When Pipeline Opponents Win in Court, U.S. Regulators Just Change the Rules
Opponents of the controversial Mountain Valley Pipeline (MVP) through West Virginia keep challenging the project in court. And when they win, state and federal regulators step in and change the rules, as they did in response to a recent court ruling.
A couple of weeks ago, the court blocked a key approval for the 300-mile project, determining “that the U.S. Army Corps of Engineers wrongly approved a permit that allowed MVP to temporarily dam four of West Virginia’s rivers so the pipeline can be buried beneath the streambeds,” reports the Charleston Gazette-Mail, a member of the ProPublica Local Reporting Network.
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“But rather than pausing or rethinking the project, the West Virginia Department of Environmental Protection has already been rewriting the state construction standards for pipeline river crossings that prompted the appeals court to block the plan,” the Gazette-Mail notes. “Once that happens, MVP will apply for a new Clean Water Act permit, which it expects to secure in early 2019.”
And that kind of redo is apparently a feature, not a bug, in recent pipeline decision-making in the state. An investigation by the Gazette-Mail and ProPublica “found that, over the past two years, federal and state agencies tasked with enforcing the nation’s environmental laws have moved repeatedly to clear roadblocks and expedite the pipeline, even changing the rules at times to ease the project’s approvals,” write reporters Ken Ward Jr. and Kate Mishkin.
The latest ruling involved four significant West Virginia Rivers—the Elk, Greenbrier, Meadow, and Gauley—each of which would have to be dammed and excavated, sometimes with blasting, to bury the 42-inch pipeline. “If the construction isn’t handled properly, sediment can increase in the water, oxygen can decrease, and aquatic habitat can be harmed,” the Gazette-Mail reports. “Because of those concerns, state officials put in place a 72-hour limit for completing these kinds of stream crossings when they approved the use of a streamlined Corps review process that MVP used.”
The Army Corps approved the permit, even though MVP said it would take four to six weeks to complete the work.
That prompted a first, successful lawsuit from the U.S. Sierra Club, the West Virginia Rivers Coalition, and other groups. In response, West Virginia Governor Jim Justice said the state Department of Environmental Protection would “continue to monitor these proceedings closely to determine what role the state may play in expediting the construction of this pipeline.”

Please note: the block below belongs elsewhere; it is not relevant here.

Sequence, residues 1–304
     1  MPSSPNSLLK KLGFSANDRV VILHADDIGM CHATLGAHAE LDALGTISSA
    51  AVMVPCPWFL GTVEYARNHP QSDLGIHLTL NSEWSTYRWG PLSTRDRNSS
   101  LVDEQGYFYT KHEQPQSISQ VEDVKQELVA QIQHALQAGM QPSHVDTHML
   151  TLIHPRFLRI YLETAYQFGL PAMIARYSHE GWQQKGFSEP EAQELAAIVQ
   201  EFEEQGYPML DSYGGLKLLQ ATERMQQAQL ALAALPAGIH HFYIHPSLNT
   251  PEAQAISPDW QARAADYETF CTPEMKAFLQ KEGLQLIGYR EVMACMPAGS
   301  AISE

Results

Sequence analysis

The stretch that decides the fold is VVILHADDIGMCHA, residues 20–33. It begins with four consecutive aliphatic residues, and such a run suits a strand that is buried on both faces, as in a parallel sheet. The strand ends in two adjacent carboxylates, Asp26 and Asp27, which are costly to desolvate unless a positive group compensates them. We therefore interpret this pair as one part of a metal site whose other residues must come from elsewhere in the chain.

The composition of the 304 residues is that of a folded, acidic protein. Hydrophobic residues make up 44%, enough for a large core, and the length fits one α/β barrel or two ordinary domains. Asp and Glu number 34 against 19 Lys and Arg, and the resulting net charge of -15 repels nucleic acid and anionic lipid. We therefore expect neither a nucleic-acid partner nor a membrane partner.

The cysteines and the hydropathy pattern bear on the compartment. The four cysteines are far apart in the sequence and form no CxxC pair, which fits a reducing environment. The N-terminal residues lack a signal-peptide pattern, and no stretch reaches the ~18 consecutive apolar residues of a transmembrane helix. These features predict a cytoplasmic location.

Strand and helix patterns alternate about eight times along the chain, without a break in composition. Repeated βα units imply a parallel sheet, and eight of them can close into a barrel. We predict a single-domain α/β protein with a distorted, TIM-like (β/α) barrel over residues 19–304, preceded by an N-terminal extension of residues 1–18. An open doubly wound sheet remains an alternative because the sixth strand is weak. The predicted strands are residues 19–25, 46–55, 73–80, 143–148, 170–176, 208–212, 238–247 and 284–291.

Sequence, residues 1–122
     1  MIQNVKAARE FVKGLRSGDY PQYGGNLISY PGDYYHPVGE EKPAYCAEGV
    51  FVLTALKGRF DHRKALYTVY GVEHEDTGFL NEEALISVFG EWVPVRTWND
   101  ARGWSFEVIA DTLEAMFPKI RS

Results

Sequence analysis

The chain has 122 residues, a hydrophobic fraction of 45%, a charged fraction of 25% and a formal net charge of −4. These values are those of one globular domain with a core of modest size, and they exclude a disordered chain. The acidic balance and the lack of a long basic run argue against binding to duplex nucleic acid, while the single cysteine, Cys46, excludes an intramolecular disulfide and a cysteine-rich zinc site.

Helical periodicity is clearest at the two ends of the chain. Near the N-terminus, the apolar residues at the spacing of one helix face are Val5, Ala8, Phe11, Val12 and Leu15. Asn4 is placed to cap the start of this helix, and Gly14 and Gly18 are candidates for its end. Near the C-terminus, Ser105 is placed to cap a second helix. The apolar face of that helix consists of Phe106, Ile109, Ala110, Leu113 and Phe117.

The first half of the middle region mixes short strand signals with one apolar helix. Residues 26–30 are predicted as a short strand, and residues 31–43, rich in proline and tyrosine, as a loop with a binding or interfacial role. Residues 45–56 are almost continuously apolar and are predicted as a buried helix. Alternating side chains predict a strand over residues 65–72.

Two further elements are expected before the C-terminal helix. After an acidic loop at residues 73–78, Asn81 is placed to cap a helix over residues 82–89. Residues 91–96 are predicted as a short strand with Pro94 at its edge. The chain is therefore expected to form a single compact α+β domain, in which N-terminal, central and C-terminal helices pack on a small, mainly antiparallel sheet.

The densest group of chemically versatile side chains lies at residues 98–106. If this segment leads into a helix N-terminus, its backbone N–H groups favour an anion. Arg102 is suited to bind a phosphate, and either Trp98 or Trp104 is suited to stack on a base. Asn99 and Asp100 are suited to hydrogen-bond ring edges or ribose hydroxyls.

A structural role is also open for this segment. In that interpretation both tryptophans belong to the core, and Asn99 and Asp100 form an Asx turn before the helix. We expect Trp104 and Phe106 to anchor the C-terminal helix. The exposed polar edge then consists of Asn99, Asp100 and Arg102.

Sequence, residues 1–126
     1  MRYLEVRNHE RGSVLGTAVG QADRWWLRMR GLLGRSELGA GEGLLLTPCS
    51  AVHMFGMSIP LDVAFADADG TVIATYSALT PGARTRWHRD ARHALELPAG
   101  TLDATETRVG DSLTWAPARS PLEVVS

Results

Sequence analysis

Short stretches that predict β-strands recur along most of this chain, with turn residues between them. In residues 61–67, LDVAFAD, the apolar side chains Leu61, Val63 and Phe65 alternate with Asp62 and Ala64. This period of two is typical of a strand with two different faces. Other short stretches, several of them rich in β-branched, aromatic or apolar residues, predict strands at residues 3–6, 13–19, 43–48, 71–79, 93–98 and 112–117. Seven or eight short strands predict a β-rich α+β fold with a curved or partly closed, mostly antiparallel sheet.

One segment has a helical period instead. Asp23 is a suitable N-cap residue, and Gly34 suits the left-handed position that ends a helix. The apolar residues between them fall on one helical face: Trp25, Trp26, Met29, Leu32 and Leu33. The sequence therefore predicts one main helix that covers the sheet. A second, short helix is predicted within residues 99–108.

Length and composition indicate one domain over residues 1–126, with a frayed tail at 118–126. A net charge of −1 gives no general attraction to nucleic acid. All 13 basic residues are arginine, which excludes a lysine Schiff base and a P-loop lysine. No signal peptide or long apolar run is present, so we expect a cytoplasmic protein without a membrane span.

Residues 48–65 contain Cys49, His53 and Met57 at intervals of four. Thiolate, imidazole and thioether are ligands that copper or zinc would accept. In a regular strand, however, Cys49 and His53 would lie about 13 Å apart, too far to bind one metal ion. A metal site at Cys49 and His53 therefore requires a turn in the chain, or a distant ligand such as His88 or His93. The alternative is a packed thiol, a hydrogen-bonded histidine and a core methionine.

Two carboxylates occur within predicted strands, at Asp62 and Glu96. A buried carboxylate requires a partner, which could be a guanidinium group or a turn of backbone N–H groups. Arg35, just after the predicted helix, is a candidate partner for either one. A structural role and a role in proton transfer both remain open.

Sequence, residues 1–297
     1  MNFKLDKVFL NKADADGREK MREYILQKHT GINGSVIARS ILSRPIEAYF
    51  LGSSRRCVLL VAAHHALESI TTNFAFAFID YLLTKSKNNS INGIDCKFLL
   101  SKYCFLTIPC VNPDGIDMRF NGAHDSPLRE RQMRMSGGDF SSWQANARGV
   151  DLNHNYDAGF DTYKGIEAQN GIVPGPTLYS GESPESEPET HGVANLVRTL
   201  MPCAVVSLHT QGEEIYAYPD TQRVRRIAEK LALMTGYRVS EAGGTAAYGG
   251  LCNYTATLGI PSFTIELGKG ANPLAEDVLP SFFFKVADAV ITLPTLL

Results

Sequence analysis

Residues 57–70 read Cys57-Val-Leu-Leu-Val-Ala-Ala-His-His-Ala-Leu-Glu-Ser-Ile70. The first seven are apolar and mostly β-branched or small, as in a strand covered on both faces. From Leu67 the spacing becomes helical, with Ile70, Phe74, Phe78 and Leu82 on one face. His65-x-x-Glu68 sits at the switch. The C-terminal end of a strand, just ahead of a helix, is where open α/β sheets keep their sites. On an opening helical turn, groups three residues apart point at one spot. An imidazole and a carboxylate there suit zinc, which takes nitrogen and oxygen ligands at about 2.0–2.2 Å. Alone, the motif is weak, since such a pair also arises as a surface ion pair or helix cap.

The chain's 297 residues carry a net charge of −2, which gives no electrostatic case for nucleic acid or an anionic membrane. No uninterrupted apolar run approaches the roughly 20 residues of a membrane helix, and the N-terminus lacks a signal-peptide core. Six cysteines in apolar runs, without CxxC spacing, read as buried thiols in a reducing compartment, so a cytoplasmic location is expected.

The Army Corps rewrote its initial approval to waive the 72-hour limit. So opponents sued again, and won again.
“The stakes are high for West Virginia’s natural gas industry, which is booming and needs pipelines to move its product to East Coast and Southern cities” from Marcellus shale fields, the Gazette-Mail explains. “The issues also loom large for state residents who worry that West Virginia’s drive to encourage natural gas growth poses threats to the environment and their communities.”
Project developers Mountain Valley LLC and Equitrans LLP say the MVP’s cost has increased from US$3.7 to $4.6 billion and blame half of the total on litigation-related delays. But despite fierce local opposition, they still expect to complete the project by the last quarter of 2019.
“MVP is committed to the safety of its communities, to the preservation and protection of the environment, and to the continued responsible construction of this important natural gas infrastructure project that will serve homes and business in the mid-Atlantic and Southeast United States,” said spokesperson Natalie Cox.
The Gazette-Mail/ProPublica investigation also traces the role of the U.S. Federal Energy Regulatory Commission in trying to tip the scales in favour of the project.
Bloomberg describes the latest court setback for the project as unexpected, noting that shares in EQT Midstream Partners LP, which will operate the pipeline once it’s complete, fell 2% on the news. Bloomberg Intelligence analyst Brandon Barnes called the decision “a huge blow to the project”. ClearView Energy Partners Managing Director Christi Tezak said policy and legal analysts found it shocking after the same court lifted a previous stay on the same permit.
But Height Securities LLC analyst Katie Bays said the legal setback was not likely a “catastrophe” for the project, “despite its suddenness and scope”. She added that “the most significant impact of the decision will be uncertainty” while the company looks at changing its construction methods and whether that will lead to a further increase in project costs.